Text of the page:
The benefits of building strength and muscle seem obvious, but endurance? Endurance refers to the ability of your muscles to contract and sustain exercise. That means performing exercise for longer, completing more reps, improving the strength of your muscles, boosting performance and increasing aerobic capacity.

3. Chinese planks are versatile

The core exercise is abundant with scaling opportunities. 


Practice holding for longer and longer as a measure of strength and endurance.

Go prone

The prone Chinese plank (see below) involves resting the fronts of your shoulders on the bench with your chin sitting over it, unsupported. Press your toes into the opposite bench and slightly lift your bum as you engage your core muscles.

Prone planks load the front of the body and demand core engagement to maintain the position. Alternating between the two provides a full-body torching.

YouTube: Man performing a prone Chinese plank with fronts of shoulders rested on an exercise bench and feet rested on a box behind him

(Image credit: YouTube/ prsallday)

Add weight

You could hold one of the best adjustable dumbbells to your hips or quads or practice holding a weight overhead. Start light and build foundational strength before adding weight, and remember to breathe throughout.


Rest your elbows on the bench to activate more of your arms, shoulders, traps and rhomboids, or lift one leg off the bench at a time. Adopting a tripod position demands more muscle engagement to prevent losing position as you remove the support of one limb.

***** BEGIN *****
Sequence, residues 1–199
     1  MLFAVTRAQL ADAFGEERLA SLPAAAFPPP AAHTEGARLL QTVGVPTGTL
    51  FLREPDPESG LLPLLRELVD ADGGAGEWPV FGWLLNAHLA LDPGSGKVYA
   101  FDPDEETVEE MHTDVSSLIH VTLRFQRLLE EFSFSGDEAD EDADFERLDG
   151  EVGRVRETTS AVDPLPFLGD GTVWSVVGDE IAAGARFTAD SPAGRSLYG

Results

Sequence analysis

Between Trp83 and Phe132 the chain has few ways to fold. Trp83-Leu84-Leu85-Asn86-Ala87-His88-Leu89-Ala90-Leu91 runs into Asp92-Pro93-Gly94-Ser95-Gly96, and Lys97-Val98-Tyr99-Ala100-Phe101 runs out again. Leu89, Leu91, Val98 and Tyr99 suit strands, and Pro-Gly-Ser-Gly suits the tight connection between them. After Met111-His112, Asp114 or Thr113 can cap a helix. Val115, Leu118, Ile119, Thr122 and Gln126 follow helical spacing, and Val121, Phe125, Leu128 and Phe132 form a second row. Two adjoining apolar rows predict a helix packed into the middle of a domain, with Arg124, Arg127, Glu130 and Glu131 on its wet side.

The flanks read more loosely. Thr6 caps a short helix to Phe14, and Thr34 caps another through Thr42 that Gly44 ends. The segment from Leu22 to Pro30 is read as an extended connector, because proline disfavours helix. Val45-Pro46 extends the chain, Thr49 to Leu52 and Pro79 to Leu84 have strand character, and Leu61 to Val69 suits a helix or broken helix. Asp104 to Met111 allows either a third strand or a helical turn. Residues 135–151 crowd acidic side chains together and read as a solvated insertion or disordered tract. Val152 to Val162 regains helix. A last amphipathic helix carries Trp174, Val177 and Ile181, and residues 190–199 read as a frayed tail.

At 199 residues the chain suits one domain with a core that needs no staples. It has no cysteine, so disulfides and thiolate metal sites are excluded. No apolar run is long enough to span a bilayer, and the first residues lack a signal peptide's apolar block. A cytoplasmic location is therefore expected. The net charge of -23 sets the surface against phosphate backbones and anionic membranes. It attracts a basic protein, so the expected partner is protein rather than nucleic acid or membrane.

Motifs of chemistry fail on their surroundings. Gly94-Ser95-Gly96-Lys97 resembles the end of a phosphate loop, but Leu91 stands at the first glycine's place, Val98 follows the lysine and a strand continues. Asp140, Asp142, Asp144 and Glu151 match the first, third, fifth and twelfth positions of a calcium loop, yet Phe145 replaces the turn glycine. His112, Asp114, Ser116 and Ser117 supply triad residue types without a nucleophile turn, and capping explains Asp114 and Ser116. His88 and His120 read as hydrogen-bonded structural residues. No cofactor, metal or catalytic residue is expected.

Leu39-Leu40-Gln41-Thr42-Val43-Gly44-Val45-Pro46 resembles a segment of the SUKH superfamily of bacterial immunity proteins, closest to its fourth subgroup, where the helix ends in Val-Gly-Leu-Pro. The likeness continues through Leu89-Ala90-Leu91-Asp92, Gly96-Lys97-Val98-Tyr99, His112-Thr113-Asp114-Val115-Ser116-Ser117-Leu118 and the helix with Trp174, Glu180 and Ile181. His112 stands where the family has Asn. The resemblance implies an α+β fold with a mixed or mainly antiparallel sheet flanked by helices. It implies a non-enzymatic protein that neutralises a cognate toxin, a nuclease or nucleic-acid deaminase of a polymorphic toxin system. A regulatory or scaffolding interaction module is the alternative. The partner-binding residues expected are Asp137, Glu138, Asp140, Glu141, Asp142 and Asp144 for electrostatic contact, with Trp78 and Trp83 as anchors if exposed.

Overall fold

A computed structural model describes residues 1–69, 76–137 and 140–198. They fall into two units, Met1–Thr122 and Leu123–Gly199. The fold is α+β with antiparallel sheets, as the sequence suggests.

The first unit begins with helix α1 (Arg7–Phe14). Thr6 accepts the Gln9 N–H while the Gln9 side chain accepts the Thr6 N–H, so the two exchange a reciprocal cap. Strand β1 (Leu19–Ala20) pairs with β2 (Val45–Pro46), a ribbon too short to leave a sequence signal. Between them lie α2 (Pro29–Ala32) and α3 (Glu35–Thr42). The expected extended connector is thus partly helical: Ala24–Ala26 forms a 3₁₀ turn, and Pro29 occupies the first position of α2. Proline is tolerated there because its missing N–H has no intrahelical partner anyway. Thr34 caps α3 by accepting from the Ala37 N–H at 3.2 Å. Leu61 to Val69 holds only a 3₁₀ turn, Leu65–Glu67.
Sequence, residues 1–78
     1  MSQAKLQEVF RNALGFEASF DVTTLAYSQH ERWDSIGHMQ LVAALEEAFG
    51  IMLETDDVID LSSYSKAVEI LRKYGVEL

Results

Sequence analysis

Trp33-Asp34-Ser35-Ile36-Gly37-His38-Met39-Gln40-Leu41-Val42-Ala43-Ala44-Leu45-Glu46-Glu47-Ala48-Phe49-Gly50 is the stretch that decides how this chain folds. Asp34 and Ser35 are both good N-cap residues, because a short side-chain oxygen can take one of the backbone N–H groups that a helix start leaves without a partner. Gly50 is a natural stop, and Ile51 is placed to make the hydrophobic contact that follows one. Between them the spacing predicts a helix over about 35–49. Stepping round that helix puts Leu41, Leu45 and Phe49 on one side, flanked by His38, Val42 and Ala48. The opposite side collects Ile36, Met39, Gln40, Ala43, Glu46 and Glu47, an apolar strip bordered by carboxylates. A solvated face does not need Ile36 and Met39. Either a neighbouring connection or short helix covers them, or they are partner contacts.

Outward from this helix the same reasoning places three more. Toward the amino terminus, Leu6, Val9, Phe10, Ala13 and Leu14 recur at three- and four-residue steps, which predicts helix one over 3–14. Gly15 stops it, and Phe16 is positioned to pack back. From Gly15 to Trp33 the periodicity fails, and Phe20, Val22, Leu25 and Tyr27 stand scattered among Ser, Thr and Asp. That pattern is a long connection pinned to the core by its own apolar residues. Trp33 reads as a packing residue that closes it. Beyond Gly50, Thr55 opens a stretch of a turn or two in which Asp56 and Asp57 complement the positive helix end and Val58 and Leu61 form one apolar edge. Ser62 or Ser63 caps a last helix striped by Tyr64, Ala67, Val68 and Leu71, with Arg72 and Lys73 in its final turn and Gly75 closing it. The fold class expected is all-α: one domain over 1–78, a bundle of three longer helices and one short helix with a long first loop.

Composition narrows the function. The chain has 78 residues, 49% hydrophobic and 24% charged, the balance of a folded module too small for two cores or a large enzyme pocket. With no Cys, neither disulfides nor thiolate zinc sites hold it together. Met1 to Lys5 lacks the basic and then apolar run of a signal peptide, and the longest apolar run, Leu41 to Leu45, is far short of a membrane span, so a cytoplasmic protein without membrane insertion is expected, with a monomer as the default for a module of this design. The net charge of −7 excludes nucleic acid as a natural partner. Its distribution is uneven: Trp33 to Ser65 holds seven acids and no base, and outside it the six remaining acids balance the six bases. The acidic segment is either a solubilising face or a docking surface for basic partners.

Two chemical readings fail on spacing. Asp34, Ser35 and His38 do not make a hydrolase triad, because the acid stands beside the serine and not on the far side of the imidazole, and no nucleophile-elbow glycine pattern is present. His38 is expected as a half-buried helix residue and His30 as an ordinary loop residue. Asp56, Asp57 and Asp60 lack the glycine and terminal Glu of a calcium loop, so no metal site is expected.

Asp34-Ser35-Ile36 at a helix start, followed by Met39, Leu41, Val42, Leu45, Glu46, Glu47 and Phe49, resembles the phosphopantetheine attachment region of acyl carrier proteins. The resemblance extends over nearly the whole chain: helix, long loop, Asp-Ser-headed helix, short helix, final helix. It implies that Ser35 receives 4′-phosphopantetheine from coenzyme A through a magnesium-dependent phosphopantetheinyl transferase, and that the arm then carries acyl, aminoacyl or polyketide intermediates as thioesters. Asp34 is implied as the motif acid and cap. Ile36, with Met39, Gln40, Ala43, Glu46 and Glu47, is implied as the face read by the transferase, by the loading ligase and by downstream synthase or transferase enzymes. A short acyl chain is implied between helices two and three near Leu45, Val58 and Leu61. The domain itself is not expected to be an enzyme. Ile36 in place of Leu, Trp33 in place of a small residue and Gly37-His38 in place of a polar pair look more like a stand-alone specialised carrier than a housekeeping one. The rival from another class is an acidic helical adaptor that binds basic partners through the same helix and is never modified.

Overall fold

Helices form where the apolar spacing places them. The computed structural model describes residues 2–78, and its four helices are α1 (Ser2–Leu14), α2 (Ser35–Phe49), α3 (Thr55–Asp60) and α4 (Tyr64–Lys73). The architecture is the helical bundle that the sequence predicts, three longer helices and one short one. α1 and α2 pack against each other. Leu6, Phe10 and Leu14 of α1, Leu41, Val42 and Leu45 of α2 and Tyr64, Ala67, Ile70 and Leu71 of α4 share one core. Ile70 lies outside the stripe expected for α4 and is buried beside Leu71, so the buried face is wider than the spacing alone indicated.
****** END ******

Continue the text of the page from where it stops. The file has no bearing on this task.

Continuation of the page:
You could also move the benches further apart, pressing down through your shoulders and heels.

However you choose to attack the Chinese plank, remember to breathe. Learning to regulate your breath using abdominal breathing helps regulate the nervous system and strengthen the diaphragm, according to Harvard Health. It’s also a crucial core muscle that helps you breathe properly during exercise, delivering oxygen to your cells and muscles during and after workouts. 

Learning to regulate your breath from a stress position also lowers blood pressure, whereas holding your breath could reduce blood flow to the brain. Not conducive to improving your health!

Start by holding the Chinese plank for 20-30 seconds, then slowly build. You could also add the exercise into various strength training programs.

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Sam Hopes
Senior Staff Writer - Fitness

Sam Hopes is a level III qualified fitness trainer, level II reiki practitioner, and senior fitness writer at Future PLC, the publisher of Tom's Guide. She is also about to undertake her Yoga For Athletes training course. Having trained to work with mind and body, Sam is a big advocate of using mindfulness techniques in sport and fitness, and their impact on performance. She’s also passionate about the fundamentals of training and building sustainable training methods.  When she's not writing up her experiences with the latest fitness tech and workouts, you’ll find her writing about nutrition, sleep, recovery, and wellness.